Department Chair

Andrew D. Nicholls, Ph.D., Professor of History

Date of Award


Access Control

Open Access

Degree Name

History, M.A.


History and Social Studies Education Department


Martin F. Ederer, Ph.D. Associate Professor of History

Department Home page

First Reader

Martin F. Ederer, Ph.D. Associate Professor of History

Second Reader

York A. Norman, Ph.D. Associate Professor of History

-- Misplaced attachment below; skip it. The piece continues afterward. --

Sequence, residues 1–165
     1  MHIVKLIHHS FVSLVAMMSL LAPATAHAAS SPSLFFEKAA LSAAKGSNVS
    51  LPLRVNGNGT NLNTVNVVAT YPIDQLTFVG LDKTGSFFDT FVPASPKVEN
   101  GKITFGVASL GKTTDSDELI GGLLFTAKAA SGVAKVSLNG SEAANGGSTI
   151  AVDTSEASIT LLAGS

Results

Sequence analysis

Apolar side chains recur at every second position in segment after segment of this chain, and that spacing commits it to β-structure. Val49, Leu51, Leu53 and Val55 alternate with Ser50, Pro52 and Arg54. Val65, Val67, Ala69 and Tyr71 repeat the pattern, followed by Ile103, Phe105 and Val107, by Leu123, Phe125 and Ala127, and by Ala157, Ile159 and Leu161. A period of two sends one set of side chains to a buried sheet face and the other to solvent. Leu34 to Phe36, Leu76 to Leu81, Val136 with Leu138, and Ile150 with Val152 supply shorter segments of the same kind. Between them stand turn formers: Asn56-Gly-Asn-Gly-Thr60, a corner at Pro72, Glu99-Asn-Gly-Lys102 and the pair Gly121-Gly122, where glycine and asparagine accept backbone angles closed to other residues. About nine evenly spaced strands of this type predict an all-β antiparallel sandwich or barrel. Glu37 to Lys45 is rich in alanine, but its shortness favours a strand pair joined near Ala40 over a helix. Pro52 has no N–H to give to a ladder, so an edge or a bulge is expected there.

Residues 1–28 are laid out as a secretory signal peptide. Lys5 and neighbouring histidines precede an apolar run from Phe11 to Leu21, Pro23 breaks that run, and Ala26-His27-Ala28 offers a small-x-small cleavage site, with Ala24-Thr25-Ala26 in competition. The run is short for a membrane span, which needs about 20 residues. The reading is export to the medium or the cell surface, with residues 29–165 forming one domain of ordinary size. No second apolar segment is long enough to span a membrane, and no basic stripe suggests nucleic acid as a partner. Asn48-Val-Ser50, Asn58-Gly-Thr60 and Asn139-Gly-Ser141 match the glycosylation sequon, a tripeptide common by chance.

During the late medieval and Reformation era in Europe, a series of Christian devotional works were created that stressed a deeper personal relationship with Christ, rather than ritual and public devotion alone. These works span the time period from the early fifteenth century through the early seventeenth century and prepared the way for and shaped the Protestant and Roman Catholic reformations alike. The devotional works addressed here were created in the quest for reform, of both the individual and the Church. This occurred as the importance of developing a better relationship with Jesus was taking on a new urgency for both pre-Reformation and post-Reformation Catholics as well as for Protestants. For all denominations an important social common denominator was the emergence of a larger group of educated, literate laity confronting very difficult times. In the end, Latin Christianity would not survive the new approaches to Christianity intact, although varying branches of Christianity would find the reform and direction they craved—albeit at the price of religious and cultural unity that continues to influence (and trouble) European civilization to this day.